Ms. Teigen, your breastfeeding and formula feeding experience didn’t have to turn out like this, and I am so sorry you experienced sadness, stress, and guilt. Because of moms like you, who couldn’t find real support for shame and judgment-free infant feeding, I co-founded The Fed Is Best Foundation almost five years ago with my partner, Dr. Christie del Castillo-Hegyi. Dr. Christie launched our foundation by sharing her story about her delayed onset of breastmilk which hospitalized her son for life-threatening complications of unintended starvation while trying to exclusively breastfeed. You may have heard about the story of Jillian Johnson, whose baby boy Landon died from insufficient breastmilk intake–all to avoid ONE drop of formula milk.
We desperately need your help to destigmatize the shame and guilt related to formula feeding.
We would be honored if you would consider joining our #fedisbest advocacy team so that together we can bring awareness to the public to support all safe infant feeding with breast milk, formula, or a combination of both, eliminate infant feeding shaming while prioritizing perinatal mental health. Thank you for considering!
With warm regards,
Jody Segrave-Daly, MS, RN, IBCLC
Christie del Castillo-Hegyi, M.D.
Fundraising Group. Please send an email to Jody@fedisbest.org if you are interested in joining any of our volunteer groups.
If you need infant feeding support, we have a private support group– Join us here.
If you or your baby were harmed from complications of insufficient breastfeeding please send a message to email@example.com
Make a donationto the Fed is Best Foundation. We are using funds from donations to cover the cost of our website, our social media ads, our printing, and mailing costs to reach health providers and hospitals. We do not accept donations from breast- or formula-feeding companies and 100% of your donations go toward these operational costs. All the work of the Foundation is achieved via the pro bono and volunteer work of its supporters.
Sign our petition! Help us reach our policymakers, and drive change at a global level. Help us stand up for the lives of millions of infants who deserve a fighting chance. Sign theFed is Best Petition at Change.org today, and share it with others.
Print out our letter to obstetric providers and mail it to your local obstetricians, midwives, family practitioners who provide obstetric care and hospitals.
Write to your local elected officialsabout what is happening to newborn babies in hospitals and ask for the legal protection of newborn babies from underfeeding and of mother’s rights to honest informed consent on the risks of insufficient feeding of breastfed babies.
Send us your stories. Share with us your successes, your struggles, and everything in between. Every story saves another child from experiencing the same and teaches another mom how to safely feed her baby. Every voice contributes to change.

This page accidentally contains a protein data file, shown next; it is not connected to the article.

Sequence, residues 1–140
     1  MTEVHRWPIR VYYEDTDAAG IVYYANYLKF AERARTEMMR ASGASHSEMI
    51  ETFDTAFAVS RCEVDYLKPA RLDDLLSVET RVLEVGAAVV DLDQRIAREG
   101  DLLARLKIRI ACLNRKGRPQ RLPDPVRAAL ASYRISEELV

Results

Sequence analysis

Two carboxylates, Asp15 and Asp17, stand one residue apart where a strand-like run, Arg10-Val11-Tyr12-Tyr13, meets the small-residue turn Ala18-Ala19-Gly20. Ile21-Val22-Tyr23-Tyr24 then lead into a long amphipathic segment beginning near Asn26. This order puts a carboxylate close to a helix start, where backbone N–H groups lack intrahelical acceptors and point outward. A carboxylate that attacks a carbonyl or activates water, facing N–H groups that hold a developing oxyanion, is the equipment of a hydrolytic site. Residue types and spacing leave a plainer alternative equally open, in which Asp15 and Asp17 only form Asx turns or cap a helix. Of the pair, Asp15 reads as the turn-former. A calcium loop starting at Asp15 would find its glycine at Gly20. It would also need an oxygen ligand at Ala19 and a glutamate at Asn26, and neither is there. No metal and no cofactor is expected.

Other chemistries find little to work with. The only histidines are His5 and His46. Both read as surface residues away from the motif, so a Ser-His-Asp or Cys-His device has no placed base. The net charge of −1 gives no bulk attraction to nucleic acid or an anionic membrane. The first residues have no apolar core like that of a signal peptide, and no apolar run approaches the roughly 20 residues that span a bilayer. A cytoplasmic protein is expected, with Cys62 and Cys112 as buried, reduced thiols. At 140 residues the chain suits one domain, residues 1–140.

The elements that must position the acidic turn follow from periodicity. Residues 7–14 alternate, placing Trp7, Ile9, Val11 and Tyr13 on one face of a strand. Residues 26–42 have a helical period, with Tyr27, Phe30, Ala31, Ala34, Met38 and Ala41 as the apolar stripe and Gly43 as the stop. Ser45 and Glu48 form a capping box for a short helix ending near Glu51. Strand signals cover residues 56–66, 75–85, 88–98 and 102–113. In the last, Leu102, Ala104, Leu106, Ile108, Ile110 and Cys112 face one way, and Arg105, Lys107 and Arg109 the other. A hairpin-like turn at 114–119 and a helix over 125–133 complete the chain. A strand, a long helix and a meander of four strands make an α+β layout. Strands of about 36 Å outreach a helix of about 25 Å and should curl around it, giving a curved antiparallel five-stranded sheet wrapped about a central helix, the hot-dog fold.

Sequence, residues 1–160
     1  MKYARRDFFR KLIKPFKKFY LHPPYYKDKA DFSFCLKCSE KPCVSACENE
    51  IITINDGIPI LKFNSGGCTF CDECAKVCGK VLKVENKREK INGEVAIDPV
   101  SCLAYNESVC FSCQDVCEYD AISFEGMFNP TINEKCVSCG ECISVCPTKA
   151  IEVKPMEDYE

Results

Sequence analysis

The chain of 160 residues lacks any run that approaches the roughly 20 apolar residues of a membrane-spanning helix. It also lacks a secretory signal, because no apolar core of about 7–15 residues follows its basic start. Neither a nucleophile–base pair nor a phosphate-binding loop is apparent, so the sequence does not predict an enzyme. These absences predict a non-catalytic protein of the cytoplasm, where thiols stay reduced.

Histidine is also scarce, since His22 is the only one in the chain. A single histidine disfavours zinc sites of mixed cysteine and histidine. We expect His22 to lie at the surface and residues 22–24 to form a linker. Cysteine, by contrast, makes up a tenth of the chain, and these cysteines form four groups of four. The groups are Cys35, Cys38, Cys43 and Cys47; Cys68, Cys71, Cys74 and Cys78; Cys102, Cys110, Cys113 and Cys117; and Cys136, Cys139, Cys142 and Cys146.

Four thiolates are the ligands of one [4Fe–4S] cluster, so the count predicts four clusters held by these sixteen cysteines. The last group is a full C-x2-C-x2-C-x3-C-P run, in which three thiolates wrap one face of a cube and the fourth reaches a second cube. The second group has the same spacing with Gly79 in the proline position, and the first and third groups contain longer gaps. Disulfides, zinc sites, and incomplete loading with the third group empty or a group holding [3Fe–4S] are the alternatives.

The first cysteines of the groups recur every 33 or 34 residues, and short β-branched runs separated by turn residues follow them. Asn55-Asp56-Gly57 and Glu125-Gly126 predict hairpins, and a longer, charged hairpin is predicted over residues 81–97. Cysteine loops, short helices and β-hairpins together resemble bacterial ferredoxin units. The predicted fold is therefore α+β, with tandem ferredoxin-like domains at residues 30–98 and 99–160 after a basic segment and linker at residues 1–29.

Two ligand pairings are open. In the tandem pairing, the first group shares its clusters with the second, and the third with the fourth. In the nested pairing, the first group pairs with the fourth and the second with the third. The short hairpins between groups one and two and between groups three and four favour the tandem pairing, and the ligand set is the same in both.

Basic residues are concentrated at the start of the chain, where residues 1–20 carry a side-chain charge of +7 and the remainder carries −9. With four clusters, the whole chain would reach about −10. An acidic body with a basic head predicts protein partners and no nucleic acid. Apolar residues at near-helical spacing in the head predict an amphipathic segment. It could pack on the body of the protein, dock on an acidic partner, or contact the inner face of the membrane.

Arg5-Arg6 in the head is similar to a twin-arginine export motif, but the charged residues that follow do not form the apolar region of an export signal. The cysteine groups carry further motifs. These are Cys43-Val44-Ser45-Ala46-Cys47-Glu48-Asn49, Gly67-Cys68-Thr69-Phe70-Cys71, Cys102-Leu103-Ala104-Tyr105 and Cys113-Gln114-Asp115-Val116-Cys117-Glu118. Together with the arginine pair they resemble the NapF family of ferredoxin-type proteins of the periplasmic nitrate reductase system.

Send us messages of support.We work every single day to make infant feeding safe and supportive of every mother and child. Your messages of support keep us all going.
Shop atAmazon Smile and Amazon donates to Fed Is Best Foundation.
Or simply send us a message to find out how you can help make a difference with new ideas!
For any urgent messages or questions about infant feeding, please do not leave a message on this page as it will not get to us immediately. Instead, please email firstname.lastname@example.org.
Thank you and we look forward to hearing from you!
Parents are taught that it’s normal for babies to lose 7–10% of their body weight in the first few days after birth, but is this true? Well, that depends. According to the AAP, a baby who loses more than 7% of his body weight may be losing excessive weight and requires a comprehensive lactation evaluation to rule out delayed onset of copious milk production, primary lactation failure, and/or infant oral anomalies that prevent adequate colostrum/milk transfer.
Weight loss has typically been assessed using simple percentages, but now there is a much more precise and accurate way to track excessive weight loss in newborns and many hospitals, pediatricians, and lactation consultants are adopting this method for greater accuracy in making clinical recommendations.
The Newborn Weight Tool, or NEWT, is an online tool, the first of its kind, to help pediatricians determine whether exclusively breastfed newborns have lost too much weight in the first days of life. The tool was developed at Penn State College of Medicine through research conducted jointly with University of California, San Francisco. It was developed using a research sample of hourly birth weights from more than 100,000 breastfed newborns. For a quick synopsis of this tool from the lead investigator and one of developers of the tool, Dr. Ian Paul, watch the video below.
In this video, Dr. Ian Paul, professor of pediatrics and public health sciences at Penn State College of Medicine and pediatrician at Penn State Hershey Children’s Hospital, talks about how NEWT fills an important void. Determining whether an exclusively breastfed newborn is losing excessive weight is important because higher weight loss almost always reflects suboptimal milk intake. It is also associated with increased risk of medical complications such as low blood sugar, jaundice, and dehydration, which can result in the need for medical interventions and future health and developmental problems. This weight-loss tool shows that how quickly babies lose weight is just as important as how much they lose.
HOW TO USE THE NEWBORN WEIGHT LOSS TOOL